In July 2019, CBM and its partner HANDS were running a DFAT funded deworming programme in a school for children with disabilities in Bwari Area Council, Federal Capital Territory in Nigeria. This was the first time the school had been included in such a programme. When Dr Nebe Obiageli, the Head of the National Schistosomiasis and STH Control Programme, witnessed the difficulties that some of the children had in swallowing the tablets, she promised to raise the need for a paediatric oral suspension within the Federal Ministry of Health (FMoH). This vital adaptation was discussed at the NTD NGO Network (NNN) conference in Liverpool in September 2019 with WHO, the Schistosomiasis / STH working group, CBM and the Director of HANDS Mr Chris Ogoshi. This helped elevate its priority need: firstly, to a rights-based approach where children with disabilities have a right to access health services. Secondly, to a community prevalence point of view, whereby children with heavy intensity infections, who have not swallowed the necessary treatment, “will reduce the potential impact of a treatment program and result in persisting infections, thereby increasing the risk of resurgence” (Toor et al, 2020).
Running in parallel, progress has been made with the distribution of chewable tablets for STHs, and the Pediatric Praziquantel Consortium (an international public-private partnership) working on an access program for the child-friendly formulation of praziquantel to treat Schistosomiasis in preschool-aged children. The next step is to make this more widely available to NTD programmes, delivering it to all age children with disabilities in schools across Nigeria and other countries endemic for schistosomiasis and STH.
Impact of these diseases
Infections with schistosomiasis and soil transmitted helminthiasis hampers child development, increasing stunting, wasting and illness; and hinders cognitive development. Children miss out on education through bad health which adversely affects their educational outcomes, damaging their prospects and future opportunities. As the disease progresses, severe outcomes from schistosomiasis, such as liver fibrosis, portal hypertension, internal bleeding through varices, urogenital lesions, infertility, bladder damage and bladder cancer are more likely. Members of the family who are not symptomatic need to stay at home to take care of sick relatives. Genital Schistosomiasis can lead to infertility, painful lesions, increase risk to HIV and other sexually transmitted infections (STIs), or be misdiagnosed as an STI which all increase the risk of stigmatisation and isolation.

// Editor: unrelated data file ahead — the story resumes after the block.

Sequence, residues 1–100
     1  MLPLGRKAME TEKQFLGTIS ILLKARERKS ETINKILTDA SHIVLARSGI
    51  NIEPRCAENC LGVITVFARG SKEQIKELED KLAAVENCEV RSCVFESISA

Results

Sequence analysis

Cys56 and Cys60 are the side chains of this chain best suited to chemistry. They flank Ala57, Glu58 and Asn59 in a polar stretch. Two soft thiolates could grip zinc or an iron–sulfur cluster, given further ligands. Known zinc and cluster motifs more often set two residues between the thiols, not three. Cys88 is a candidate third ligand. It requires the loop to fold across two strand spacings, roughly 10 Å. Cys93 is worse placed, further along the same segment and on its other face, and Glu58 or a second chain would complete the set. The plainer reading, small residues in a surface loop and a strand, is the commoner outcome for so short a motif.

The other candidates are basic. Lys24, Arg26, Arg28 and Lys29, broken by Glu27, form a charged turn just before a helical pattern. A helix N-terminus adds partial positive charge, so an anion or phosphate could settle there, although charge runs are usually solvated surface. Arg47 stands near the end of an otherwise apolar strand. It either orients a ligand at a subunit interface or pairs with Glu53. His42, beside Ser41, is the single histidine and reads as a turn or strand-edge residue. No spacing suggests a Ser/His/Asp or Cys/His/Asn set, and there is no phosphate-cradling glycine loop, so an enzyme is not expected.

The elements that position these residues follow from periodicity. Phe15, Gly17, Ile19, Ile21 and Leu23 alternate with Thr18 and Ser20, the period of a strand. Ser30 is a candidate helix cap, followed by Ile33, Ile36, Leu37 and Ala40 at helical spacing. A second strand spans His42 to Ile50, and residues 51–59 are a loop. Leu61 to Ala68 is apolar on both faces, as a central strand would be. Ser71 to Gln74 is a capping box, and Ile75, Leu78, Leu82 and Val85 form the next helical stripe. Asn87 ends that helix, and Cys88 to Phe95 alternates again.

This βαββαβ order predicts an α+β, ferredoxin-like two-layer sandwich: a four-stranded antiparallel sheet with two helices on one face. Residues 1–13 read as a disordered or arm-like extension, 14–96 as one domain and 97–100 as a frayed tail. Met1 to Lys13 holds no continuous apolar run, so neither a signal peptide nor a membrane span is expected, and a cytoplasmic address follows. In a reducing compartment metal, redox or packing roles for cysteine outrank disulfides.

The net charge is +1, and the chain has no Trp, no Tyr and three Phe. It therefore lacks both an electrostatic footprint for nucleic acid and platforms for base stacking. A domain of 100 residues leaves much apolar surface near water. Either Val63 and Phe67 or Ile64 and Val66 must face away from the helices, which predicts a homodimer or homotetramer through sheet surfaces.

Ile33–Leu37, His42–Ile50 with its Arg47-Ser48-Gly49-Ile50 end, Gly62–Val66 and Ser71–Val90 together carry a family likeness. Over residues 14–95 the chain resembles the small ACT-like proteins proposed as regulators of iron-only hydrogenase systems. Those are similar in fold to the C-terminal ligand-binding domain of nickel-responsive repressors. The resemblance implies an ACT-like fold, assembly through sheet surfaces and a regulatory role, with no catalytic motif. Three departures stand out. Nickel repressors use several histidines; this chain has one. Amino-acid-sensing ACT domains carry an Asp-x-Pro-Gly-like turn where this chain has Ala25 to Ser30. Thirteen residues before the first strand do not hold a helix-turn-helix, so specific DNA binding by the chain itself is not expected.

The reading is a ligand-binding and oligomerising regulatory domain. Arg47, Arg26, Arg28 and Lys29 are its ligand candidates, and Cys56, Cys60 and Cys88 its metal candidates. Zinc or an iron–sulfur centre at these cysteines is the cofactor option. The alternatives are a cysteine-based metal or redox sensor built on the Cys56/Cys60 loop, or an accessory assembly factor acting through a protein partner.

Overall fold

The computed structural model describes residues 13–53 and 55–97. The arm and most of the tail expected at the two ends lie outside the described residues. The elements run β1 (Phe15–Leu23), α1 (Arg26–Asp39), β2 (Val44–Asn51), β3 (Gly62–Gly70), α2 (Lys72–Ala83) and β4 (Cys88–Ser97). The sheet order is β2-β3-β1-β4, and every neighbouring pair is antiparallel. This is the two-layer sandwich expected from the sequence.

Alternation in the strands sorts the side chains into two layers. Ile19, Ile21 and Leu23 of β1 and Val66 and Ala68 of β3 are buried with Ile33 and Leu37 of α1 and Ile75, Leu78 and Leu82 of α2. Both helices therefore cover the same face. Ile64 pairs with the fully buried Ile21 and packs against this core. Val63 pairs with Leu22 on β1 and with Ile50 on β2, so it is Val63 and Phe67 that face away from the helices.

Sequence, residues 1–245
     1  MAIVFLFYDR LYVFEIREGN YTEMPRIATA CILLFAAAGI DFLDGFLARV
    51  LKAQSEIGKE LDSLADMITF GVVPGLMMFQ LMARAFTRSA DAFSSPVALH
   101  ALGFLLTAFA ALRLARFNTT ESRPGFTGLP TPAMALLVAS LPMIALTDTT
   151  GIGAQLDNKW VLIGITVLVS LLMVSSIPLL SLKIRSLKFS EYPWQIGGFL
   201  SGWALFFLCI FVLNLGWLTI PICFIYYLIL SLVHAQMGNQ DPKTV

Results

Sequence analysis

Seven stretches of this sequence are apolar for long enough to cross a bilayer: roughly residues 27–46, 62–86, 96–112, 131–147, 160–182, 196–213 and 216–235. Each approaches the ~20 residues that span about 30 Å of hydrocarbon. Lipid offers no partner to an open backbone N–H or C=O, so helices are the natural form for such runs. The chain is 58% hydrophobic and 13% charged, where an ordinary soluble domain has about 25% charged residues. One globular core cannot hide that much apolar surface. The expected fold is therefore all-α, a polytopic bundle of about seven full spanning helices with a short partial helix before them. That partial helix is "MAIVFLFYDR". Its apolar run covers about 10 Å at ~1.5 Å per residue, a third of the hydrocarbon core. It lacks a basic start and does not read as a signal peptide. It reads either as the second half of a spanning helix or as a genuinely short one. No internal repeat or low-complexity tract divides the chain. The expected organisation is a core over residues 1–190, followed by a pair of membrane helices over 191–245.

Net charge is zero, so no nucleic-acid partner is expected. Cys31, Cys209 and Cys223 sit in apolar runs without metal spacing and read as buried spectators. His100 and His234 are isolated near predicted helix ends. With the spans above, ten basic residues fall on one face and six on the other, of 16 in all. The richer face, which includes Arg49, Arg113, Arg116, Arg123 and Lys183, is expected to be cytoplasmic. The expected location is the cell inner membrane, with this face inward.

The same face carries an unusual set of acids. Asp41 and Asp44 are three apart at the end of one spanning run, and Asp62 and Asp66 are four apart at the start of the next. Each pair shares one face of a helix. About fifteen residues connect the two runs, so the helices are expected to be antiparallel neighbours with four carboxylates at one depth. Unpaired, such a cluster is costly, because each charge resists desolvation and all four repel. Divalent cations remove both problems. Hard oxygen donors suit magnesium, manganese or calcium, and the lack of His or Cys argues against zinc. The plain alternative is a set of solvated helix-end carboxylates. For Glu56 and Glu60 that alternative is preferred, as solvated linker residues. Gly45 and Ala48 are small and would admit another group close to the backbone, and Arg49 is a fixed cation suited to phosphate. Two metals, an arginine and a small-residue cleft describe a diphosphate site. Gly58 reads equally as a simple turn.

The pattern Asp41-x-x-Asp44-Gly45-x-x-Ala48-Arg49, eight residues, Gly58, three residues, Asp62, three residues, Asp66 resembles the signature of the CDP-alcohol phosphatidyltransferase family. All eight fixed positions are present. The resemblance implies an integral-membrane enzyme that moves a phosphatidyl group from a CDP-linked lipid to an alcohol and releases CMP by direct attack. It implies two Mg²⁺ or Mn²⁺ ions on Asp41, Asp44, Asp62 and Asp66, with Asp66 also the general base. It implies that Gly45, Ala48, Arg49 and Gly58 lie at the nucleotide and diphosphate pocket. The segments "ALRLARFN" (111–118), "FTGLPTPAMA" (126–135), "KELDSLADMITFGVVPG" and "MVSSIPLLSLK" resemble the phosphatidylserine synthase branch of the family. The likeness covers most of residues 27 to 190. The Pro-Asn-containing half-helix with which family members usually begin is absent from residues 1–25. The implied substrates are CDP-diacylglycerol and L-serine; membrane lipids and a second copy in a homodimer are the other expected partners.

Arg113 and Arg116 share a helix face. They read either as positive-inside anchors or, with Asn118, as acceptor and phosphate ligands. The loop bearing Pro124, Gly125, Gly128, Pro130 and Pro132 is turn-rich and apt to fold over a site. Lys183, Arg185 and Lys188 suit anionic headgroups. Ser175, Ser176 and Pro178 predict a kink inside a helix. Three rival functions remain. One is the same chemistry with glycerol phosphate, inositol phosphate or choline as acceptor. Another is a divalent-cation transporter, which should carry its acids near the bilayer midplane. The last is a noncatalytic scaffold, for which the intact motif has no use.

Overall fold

Countries are working hard to stop these diseases from developing in children through regular deworming. These are delivered through school-based or community-based programmes and sometimes by a mix of the two.
The new WHO NTD road map 2021-2030 has set the global target for all schistosomiasis endemic countries and for 96% of STH endemic countries of ‘elimination as a public health problem’ by 2030.
Socio-economic benefits of tackling these diseases
A report by the Economist Intelligence Unit and The END Fund highlights the astounding economic gains of meeting the WHO targets for schistosomiasis and STH. Meeting these targets in Ethiopia, Kenya, Rwanda and Zimbabwe by 2030 could boost these countries’ GDP by US$ 5.1 billion (bn) in purchasing power parity (PPP) by 2040. And if these 4 countries eliminate schistosomiasis and STHs, their children's earning potential would increase by US$1.2bn (PPP) once they enter the workforce. It is thought that similar socio-economic benefits would be gained by all countries affected by these diseases, but in order to achieve these goals, we must ensure no one is left behind and everyone has fair and equitable access to health facilities including deworming treatments.
The task in hand
Delivering school-based MDA for schistosomiasis and STH requires a high level of mobilisation and organisation to reach government and privately run schools. It must continue to ensure children with disabilities are not excluded from future NTD programmes by breaking down the barriers identified.
Because ALL Children and ALL Schools COUNT.